The British Journal of Clinical Pharmacology has published the results of a study that aimed to assess the relationship between use of selective serotonin reuptake inhibitors (SSRIs) and injurious falls in nursing home residents with dementia. A press release has also been issued which has raised awareness in the general media (BBC).
This paper reviewed daily drug use and daily falls as recorded in 248 nursing home residents for a two year period starting January 2006. The average age of the study group was 82. This daily data collection results in a 85,074 person-day dataset. 152 residents sustained 683 falls, with 38 individuals falling on one occasion and 114 individuals falling more than once. The fall incidence was 2.9 falls per person per year.
SSRIs were used on a total of 11,105 person-days of the analysis period. A significant association was found between the risk of an injurious fall and increasing age, antidepressant use and antipsychotic use.
Dose-response relationships were also assessed by correcting drug dosage to a proportional "daily defined dose". Daily defined dose is a measure of drug consumption produced by the World Health Organization. Data models for a typical 85 year old female resident showed that, compared with non-use of an SSRI, a 0.25 proportional dose increased the risk of an injurious fall by 31%. A 0.5 proportional dose increased risk by 73% and 1.0 proportional use increased the risk by 198%. This risk increased even further with concomitant use of other sedatives or hypnotics.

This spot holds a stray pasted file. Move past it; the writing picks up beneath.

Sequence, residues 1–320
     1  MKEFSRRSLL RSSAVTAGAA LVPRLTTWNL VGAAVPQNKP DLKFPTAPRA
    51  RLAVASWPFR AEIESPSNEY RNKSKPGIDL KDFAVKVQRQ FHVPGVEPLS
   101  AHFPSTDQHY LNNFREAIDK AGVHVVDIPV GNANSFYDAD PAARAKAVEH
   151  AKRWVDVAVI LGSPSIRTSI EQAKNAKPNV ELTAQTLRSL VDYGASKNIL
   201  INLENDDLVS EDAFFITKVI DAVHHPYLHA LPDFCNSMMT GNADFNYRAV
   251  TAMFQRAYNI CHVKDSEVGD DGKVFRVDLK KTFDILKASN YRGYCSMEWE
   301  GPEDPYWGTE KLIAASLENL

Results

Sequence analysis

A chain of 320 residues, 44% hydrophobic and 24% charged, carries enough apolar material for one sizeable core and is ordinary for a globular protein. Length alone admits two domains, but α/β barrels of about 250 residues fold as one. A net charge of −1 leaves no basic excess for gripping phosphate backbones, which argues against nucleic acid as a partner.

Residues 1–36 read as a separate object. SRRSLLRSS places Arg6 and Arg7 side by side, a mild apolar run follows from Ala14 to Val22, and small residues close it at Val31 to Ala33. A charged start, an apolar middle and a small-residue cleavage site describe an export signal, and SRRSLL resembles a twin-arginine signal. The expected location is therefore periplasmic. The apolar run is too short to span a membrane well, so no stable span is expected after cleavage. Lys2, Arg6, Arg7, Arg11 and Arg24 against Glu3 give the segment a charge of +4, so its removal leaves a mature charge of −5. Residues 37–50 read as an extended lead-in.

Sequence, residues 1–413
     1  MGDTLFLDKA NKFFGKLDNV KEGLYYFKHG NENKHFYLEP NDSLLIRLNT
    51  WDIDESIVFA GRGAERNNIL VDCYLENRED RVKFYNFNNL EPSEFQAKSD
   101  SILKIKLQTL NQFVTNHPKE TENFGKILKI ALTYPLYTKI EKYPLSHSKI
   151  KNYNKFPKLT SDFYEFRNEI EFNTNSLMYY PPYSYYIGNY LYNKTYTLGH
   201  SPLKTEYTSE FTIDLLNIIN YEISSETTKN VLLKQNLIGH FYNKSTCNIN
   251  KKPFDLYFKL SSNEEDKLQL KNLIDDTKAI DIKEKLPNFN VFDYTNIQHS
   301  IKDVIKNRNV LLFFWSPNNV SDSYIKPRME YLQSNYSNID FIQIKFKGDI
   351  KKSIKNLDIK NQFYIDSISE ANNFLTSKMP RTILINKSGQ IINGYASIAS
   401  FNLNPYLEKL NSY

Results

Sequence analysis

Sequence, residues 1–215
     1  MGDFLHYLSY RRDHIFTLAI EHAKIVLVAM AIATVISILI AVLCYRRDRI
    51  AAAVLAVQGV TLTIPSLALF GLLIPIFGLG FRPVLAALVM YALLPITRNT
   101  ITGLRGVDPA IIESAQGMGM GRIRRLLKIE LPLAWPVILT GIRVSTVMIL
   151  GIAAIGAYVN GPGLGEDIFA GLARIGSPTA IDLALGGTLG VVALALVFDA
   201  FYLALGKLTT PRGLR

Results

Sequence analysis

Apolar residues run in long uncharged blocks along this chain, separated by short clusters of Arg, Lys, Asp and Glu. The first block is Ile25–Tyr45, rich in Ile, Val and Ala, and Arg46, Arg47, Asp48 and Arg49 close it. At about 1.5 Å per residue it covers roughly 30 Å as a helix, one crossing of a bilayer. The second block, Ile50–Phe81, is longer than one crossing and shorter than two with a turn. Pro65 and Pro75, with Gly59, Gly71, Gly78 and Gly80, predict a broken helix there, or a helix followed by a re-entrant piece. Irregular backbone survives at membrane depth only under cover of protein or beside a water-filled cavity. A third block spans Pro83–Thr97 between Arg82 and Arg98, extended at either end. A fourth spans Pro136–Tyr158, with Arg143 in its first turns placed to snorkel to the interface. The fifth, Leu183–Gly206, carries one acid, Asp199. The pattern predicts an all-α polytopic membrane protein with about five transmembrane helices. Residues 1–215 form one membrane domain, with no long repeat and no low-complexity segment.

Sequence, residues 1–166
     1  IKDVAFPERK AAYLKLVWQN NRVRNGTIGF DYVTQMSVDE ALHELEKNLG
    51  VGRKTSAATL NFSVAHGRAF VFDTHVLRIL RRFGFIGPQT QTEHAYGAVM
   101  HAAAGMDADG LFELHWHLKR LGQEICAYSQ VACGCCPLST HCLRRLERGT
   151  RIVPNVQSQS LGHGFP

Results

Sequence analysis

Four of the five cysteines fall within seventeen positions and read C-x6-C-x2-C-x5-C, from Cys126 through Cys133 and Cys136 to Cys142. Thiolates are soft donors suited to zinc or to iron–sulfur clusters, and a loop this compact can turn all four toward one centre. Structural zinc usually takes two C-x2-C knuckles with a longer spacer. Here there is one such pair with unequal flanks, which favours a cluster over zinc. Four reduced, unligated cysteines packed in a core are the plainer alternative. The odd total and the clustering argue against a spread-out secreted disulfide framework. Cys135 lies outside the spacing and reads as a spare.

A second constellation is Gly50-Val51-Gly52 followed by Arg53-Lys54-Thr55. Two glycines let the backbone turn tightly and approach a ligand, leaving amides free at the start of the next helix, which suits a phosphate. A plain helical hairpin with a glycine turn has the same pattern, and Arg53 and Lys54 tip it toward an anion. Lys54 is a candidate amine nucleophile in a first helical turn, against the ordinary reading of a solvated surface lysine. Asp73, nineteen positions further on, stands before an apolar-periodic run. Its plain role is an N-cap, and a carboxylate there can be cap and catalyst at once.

The authors note that the study may be limited due to the data coming from a single nursing home establishment and that there were no users of fluoxetine or escitalopram during the study period.
The authors conclude that, "even at low doses, SSRIs are associated with increased risk of an injurious fall in nursing home residents with dementia".
Action: Clinicians should be aware of this new research linking SSRIs with falls. It may be prudent to consider the risk of falls and use the lowest effective dose of SSRIs when treating depression in elderly patients with dementia.